By: Erica Stevens
Published: May 29, 2012
Series: The Captive Series, #1
Arianna is a child of the rebellion in a dystopian future, where Vampires rule and Humans are rebels, servants, or worse, Blood Slaves. Captured on routine hunting trip, an auction is all that separates Aria from life as a Blood Slave or merciful death. For Aria, she prefers death to being someone’s snack and toy. This is where Vampire Prince Braith buys her. Captivity broadens Aria’s horizons while Braith learns of the passions that drive the humans. Soon the pair form a forbidden bond that threatens both of their lives.
Given the synopsis, it is an intriguing book with problems. The biggest problem the writer has is with establishing her character. On the first page, the writer calls her “Arianna” but I every instance after that she is referred to as Aria, which is problematic. There needs to be a clear indication of both her name and her name and her nickname to ground the readers. This establishment does not happen until chapter four, which is bothersome. In addition to that, no description of the character to make her feel special. We don’t know what she looks like which doesn’t give the reader a lot to identity the character making her come off as generic. Lack of attribution makes it hard to connect with the character.
Despite the good use of language within the novel, it was as though the writer had problems when talking about Aria. When her clothes change, all the reader knows is that the clothes makes her itch. What is she wearing? Although the writer can portray the characters narrative well enough to make her vibrate off the pages, it is through a limited scope. In regards to the other characters, the description and detail presents itself extremely well, and in Prince Braith’s point of view the writing and detail comes off as effortless. The problems mainly encircle the protagonist, Aria.
The plot was established well, both the Inside and Outside. Steven’s has a talent with narrative, enough so to give the reader just enough at a time but to make underlining plot (i.e. the turmoil within the characters) come full circle while leaving a hook at the end with the outside plot (i.e. the vampires versus human plot) open to enable a second novel. Because of this, the narrative was entrancing and flowed very well.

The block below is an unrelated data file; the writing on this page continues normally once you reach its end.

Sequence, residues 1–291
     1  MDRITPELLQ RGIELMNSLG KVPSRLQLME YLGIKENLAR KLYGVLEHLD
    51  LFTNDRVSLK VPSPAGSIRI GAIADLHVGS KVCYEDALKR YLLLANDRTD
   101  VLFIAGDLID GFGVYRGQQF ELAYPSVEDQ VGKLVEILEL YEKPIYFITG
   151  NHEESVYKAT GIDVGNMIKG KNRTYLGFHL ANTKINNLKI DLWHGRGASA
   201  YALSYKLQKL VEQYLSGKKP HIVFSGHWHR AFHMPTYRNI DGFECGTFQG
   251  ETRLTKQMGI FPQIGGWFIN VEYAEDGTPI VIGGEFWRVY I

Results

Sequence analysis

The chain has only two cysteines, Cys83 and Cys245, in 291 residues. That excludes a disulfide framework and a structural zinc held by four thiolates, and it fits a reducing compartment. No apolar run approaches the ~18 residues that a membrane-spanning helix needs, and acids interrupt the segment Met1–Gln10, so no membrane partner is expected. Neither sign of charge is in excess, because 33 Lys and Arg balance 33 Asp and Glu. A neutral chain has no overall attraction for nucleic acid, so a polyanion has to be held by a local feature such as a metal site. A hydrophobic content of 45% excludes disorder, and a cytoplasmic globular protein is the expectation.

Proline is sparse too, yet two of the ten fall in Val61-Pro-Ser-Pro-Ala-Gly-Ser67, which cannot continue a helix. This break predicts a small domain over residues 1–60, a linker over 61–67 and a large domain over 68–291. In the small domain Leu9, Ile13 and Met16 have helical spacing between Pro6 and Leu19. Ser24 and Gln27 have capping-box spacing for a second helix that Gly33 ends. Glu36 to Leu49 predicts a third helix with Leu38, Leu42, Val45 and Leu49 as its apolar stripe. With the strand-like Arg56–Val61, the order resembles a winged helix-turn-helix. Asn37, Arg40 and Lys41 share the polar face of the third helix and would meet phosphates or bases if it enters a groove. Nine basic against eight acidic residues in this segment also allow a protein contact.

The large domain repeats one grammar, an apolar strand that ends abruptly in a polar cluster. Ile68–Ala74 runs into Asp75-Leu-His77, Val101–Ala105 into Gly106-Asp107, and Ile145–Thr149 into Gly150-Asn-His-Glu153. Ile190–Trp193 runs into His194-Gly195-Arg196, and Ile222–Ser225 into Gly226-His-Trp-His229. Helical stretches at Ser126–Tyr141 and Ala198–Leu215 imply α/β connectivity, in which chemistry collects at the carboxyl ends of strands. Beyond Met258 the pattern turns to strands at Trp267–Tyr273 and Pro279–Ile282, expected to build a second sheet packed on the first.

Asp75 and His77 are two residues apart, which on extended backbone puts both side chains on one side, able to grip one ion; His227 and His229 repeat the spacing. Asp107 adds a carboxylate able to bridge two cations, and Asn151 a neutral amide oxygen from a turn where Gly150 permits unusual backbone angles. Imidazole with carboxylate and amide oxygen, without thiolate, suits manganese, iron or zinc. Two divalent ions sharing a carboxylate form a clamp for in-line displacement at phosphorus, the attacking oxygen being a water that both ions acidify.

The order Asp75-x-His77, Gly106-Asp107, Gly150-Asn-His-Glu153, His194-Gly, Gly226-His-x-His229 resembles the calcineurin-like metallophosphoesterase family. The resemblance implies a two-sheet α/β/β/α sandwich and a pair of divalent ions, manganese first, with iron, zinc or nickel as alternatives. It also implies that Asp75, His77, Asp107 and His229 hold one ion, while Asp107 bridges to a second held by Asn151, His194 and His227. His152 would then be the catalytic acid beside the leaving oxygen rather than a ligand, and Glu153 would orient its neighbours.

One nitpicky thing is the cliché of there being three women, with the following hair types: One blonde, one brunette and one red head. Too many times has that concept been used in both literature and film, to make it feel unique.
What was most interesting however was the representation of the human versus the inhuman. Prince Braith, a blind vampire, is the perfect representation of this. Being a Vampire, he is the inhuman, but since he is blind, as a being his horizons move past the horrific narcissism that is all too common in Vampire Literature. His blindness is instead an enabling factor and the wolf he walks with, which is also inhuman, allows him to connect. Although he is blind, he can see Aria the human. And the humans who are the rebels reside in the woods versus the humans who sacrificed their morals to be servants and slaves only to live in luxury like the vampires. They aspire to be like them if they cannot be them, thus making them inhuman. It is a very interesting notion that Stevens incorporated into her work, giving it an extra layer of depth underneath the all too cliché “forbidden love” plot line. Very good juxtaposition.
This also coincides with the evolution of the theory on Darwinism that Steven has incorporated into the piece. It establishes the characters and their arguments, which further allow for the emotional character development and change in the characters. The reader gets to see how it affects each character and can thus attach to them. The characters become more than names on a page and turn into individuals.
Sometimes it was hard to read and follow because the writer used breaks within the same scenes to change P.O.V., which was unnecessary because her writing was strong enough to establish the characters.
The works “he” and “she” were used to often within the same paragraphs to start sentences, hindering the overall flow of the text. Some of the sentences could have been condensed and could have allowed for more description of where the characters were, what was happening around them as well as Aria herself.
To put vampire lore lovers at peace, this novel DID NOT ruin the original mythology of Vampires. That is an A+ in my book.
Past the hindrances mentioned above, the biggest problem was formatting, which hindered the otherwise fast momentum that the text carried. Indentations of paragraphs were erratic and lack of dialogue attribution made it easy to get lost on who was saying what.
However, despite all that, it was a gripping novel because Steven’s really is a talented ending. Moreover, that climactic moment at the end was truly gripping, making it difficult to pull away and believe it was end. ★★★ (B-)